(3) ( a ) Every application for leave to appeal must sei: forth clearly and specifically the grounds upon which the accused desires to appeal.
(b) If the accused applies orally for such leave immediately after the passing of the sentence or order, he or she must state such grounds, which must be recorded and form part of the record.
(4) (a ) If an application for leave to appeal under subsection (1) is granted, the clerk of the court must, in accordance with the rules of the court, transmit copies of the record and of all relevant documents to the registrar of the High Court concerned: Provided that instead of the whole record, with the consent of the accused and the Director of Public Prosecutions, copies (one of which must be certified) may be transmitted of such parts of the record as may be agreed upon by the Director of Public Prosecutions and the accused to be sufficient, in which event the High Court concerned may nevertheless call for the production of the whole record.
(b) If any application referred to in this section is refused, the magistrate must immediately record his or her reasons for such refusal.
(5) (a ) An application for leave to appeal may be accompanied by an application to adduce further evidence (hereafter referred to as an application for further evidence) relating to the conviction, sentence or order in respect of which the appeal is sought to be noted.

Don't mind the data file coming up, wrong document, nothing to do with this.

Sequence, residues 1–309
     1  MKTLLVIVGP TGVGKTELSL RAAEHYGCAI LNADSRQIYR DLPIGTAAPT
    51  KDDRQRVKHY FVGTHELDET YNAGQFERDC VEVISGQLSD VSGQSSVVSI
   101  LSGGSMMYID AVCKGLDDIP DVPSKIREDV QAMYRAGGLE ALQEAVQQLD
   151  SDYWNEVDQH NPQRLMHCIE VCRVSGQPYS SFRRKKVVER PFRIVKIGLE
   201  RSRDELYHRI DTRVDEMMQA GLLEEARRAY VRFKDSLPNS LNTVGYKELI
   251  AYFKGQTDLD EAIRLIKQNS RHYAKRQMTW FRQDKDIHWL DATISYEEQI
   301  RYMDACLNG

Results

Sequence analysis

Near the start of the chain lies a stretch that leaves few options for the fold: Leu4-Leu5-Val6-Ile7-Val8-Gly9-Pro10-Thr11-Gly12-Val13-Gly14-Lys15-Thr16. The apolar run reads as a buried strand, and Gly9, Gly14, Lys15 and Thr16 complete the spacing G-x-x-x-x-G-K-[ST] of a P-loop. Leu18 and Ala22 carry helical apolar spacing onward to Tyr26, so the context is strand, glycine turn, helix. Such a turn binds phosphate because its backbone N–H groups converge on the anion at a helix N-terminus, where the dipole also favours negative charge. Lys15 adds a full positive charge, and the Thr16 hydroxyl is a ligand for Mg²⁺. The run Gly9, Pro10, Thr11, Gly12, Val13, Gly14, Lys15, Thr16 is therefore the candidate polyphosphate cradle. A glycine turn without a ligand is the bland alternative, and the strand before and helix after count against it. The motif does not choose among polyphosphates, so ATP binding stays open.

(bj An application for further evidence must be supported by an affidavit stating that-
(i) further evidence which would presumably be accepted as true, is
(ii) if accepted the evidence could reasonably lead to a different
(iii) there is a reasonably acceptable explanation for the failure to
available;
decision or order; and
produce the evidence before the close of the trial. ( c ) The court granting an application for further evidence must-
(i) receive that evidence and further evidence rendered necessary thereby, including evidence in rebuttal called by the prosecutor and evidence called by the court; and
(ii) record its findings or views with regard to that evidence, including the cogency and the sufficiency of the evidence, and the demeanour and credibility of any witness.
(6) Any evidence received under subsection (5) shall for the purposes of an appeal be deemed to be evidence taken or admitted at the trial in q1xstion.
Petition procedure
309C. (1) In this section- (a ) ‘application for condonation’ means an application referred to in the
proviso to section 309(2), or referred to in section 309B( l)(b)(ii); (b) ‘application for leave to appeal’ means an application referred to in
section 309B(l)(a); (c) ‘application for further evidence’ means an application to adduce
further evidence referred to in section 309B(5)(a); and (d) ‘petition’, unless the context otherwise indicates, includes an applica-
tion referred to in subsection (2)(b)(ii). (2) (a ) If any application-
(i) for condonation; (ii) for further evidence; or
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(iii) for leave to appeal, is refused by a lower court, the accused may by petition apply to the Judge President of the High Court having jurisdiction to grant any one or more of the applications in question.
(b) Any petition referred to in paragraph (a ) must be made- (i) within 21 days after the application in question was refused; or (ii) within such extended period as may on an application accompa-
nying that petition, for good cause shown, be allowed. (3) fa) If more than one application referred to in subsection (1) relate to
the same matter. they should, as far as is possible, be dealt with in the same petition.